Salon’s Andrew O’Hehir’s top ten reflects what an interesting and diverse slate of films released in 2013:
1. “Stories We Tell” Canadian actress-turned-director Sarah Polley has sneakily become one of the best young filmmakers in North America, and this subtle, heartbreaking documentary proves it. Masquerading as a straightforward family memoir about Polley’s long-dead mother, “Stories We Tell” gradually becomes something else, an inquiry into the nature of memory and reality, a love letter to Polley’s English-born dad (who narrates the film), a puzzle box with unanswerable questions about how we become who we are at its center.
2. “12 Years a Slave” Unsettling and formally rigorous, Steve McQueen’s fact-based tale of a free black man sold into slavery in the 1850s puts America’s darkest secrets on screen for the first time. Yes, it’s sometimes a difficult film to watch, and lacks the blood-drenched fantasy retribution of Quentin Tarantino’s ludicrous “Django Unchained.” But the performances of Chiwetel Ejiofor, Michael Fassbender, Lupita Nyong’o, Benedict Cumberbatch and the rest of the stellar cast are so strong, the created 19th-century world so compelling and the filmmaking so confident and complicated that the experience is completely worth it.
3. “Inside Llewyn Davis” Simultaneously one of the Coen brothers’ most mysterious films and one of their most accessible. Little-known Oscar Isaac zooms toward stardom as the eponymous Llewyn, a talented folk-singer in 1961 Greenwich Village who’s on the verge of making it — or screwing everything up. Justin Timberlake sings “Please Mr. Kennedy,” Carey Mulligan curses a blue streak and John Goodman is at his ogre-like best when this immensely evocative, shaggy-cat saga goes on an allegorical road trip.
4. “Ain’t Them Bodies Saints” Rooney Mara and Casey Affleck are a doomed pair of Bonnie-and-Clyde lovers in 1970s Texas in this mesmerizing, mythological crime saga from fast-rising director David Lowery. Magnificently shot by Bradford Young and unforgettably scored by Daniel Hart, “Ain’t Them Bodies Saints” has the fatalism of a classic country song and the spiritual undertow of Tolstoy or Tarkovsky. (And yes, it was influenced by Terrence Malick’s “Badlands.” You got some problem with that?)
5. “Blue Is the Warmest Color” Debate over French director Abdellatif Kechiche’s magnificent 21st-century love story got derailed first by everyone’s obsession with the film’s intensely graphic nine-minute lesbian sex scene, and then by actress Léa Seydoux’s feud with Kechiche over his reputed tyrannical style. First-time actress Adèle Exarchopoulos (the movie’s big discovery) got caught in the middle of all this; about the only thing all three agree on is that they made a sensational film, one that’s not about sex but about love and loss and possibility and European life in a new millennium.
6. “The Great Beauty” Director Paolo Sorrentino and actor Toni Servillo, the team behind the eye-popping “Il Divo,” are back with another hallucinatory odyssey into the soul of modern Italy. Servillo plays a debauched Roman journalist named Jep Gambardella, a ladykilling aesthete who celebrates his 65th birthday amid the glorious, cynical wreckage of the Eternal City in the postmodern age. An unforgettable visual and auditory experience; just let go of your desire to understand it all.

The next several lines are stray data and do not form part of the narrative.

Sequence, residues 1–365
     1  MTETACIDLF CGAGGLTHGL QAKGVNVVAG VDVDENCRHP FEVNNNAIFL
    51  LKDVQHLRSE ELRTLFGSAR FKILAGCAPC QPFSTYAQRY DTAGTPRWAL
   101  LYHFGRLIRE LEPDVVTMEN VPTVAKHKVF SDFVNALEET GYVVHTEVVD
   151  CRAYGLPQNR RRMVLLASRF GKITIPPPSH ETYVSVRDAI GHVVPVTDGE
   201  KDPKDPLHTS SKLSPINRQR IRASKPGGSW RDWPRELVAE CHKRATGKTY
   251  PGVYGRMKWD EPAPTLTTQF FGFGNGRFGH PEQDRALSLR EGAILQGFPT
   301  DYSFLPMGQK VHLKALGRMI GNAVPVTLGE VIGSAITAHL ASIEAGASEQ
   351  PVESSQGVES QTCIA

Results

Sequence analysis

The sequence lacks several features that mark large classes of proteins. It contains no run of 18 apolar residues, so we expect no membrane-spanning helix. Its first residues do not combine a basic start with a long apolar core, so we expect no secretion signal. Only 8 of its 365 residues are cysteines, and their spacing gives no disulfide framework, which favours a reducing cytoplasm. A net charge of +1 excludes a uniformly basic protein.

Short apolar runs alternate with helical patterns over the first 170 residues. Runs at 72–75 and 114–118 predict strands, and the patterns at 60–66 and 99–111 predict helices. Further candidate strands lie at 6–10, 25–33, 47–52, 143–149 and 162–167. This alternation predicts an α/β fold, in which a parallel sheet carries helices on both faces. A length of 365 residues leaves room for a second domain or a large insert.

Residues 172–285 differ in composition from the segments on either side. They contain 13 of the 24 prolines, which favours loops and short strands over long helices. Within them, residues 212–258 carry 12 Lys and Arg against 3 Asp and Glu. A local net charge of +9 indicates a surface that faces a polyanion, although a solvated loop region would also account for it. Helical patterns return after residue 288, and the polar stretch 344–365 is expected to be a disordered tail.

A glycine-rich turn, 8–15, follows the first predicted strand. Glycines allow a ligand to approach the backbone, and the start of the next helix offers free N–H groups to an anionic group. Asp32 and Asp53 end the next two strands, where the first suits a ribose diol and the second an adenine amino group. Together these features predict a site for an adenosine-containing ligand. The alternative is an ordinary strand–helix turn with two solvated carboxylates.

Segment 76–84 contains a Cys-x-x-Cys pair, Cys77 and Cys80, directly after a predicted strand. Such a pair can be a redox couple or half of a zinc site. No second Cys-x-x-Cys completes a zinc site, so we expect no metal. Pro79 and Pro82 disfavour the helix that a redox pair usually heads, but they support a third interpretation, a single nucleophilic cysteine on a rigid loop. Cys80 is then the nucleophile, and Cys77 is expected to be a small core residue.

7. “The Square” Arab-American documentarian Jehane Noujaim spent most of two years documenting the protests and counter-protests of Tahrir Square, meeting secular feminists, mainstream liberals and Islamic fundamentalists. The resulting film puts us on the ground in Cairo’s historic center, amid a rolling climate of social turmoil that may determine the future of the Middle East and the world. One of the truly urgent viewing experiences of the year.
8. “The Invisible Woman” Sure, Ralph Fiennes is one of the most acclaimed British stage and screen actors of our time — he’s played Voldemort! He’s played Hamlet! — but his directorial efforts have failed to make an impression on either critics or the public. Well, that’s crazy and I’m here to undo it. Fiennes’ “Coriolanus” was one of the best Shakespeare adaptations of recent years, and “The Invisible Woman,” with Fiennes as Charles Dickens, opposite the magnificent Felicity Jones as Nelly, the author’s much younger mistress, is a perfectly executed work of historical revisionism, hard-edged, heartbreaking and utterly convincing. (It opened Christmas Day in limited release, with wider national release to follow in 2014.)
9. “Her” You never see Scarlett Johansson on screen in “Her,” but it’s no mystery that Theo, the tormented and introverted geek played so marvelously by Joaquin Phoenix, falls for her so hard. Johansson’s Samantha is sexy, open-hearted, sympathetic, witty and loving. Oh, she’s also the operating system on Theo’s computer, in Spike Jonze’s alternately wistful and whimsical near-future rom-com, a lovely and slightly troubling vision of utopia as designed by Marshall McLuhan and Ralph Waldo Emerson.
10. “The Wolf of Wall Street” Martin Scorsese is back — not that he ever went anywhere — and Leonardo DiCaprio gives his greatest screen performance in this Gatsby-update parable based on the true story of penny-stock zillionaire Jordan Belfort, a robber baron of the Clinton years. This deliriously and deliciously vulgar tale of the American dream realized is loaded with cocaine, hookers and wretched excess of all kinds, with cinematic verve to match, all of it unleavened by any moralistic messages about crime and punishment.